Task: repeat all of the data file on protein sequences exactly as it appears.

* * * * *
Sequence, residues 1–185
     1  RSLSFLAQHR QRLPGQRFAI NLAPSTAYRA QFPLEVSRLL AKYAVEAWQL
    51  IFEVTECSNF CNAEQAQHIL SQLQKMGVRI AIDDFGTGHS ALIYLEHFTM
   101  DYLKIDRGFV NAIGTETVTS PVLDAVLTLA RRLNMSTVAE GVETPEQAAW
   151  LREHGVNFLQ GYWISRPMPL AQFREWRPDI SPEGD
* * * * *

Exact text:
Sequence, residues 1–185
     1  RSLSFLAQHR QRLPGQRFAI NLAPSTAYRA QFPLEVSRLL AKYAVEAWQL
    51  IFEVTECSNF CNAEQAQHIL SQLQKMGVRI AIDDFGTGHS ALIYLEHFTM
   101  DYLKIDRGFV NAIGTETVTS PVLDAVLTLA RRLNMSTVAE GVETPEQAAW
   151  LREHGVNFLQ GYWISRPMPL AQFREWRPDI SPEGD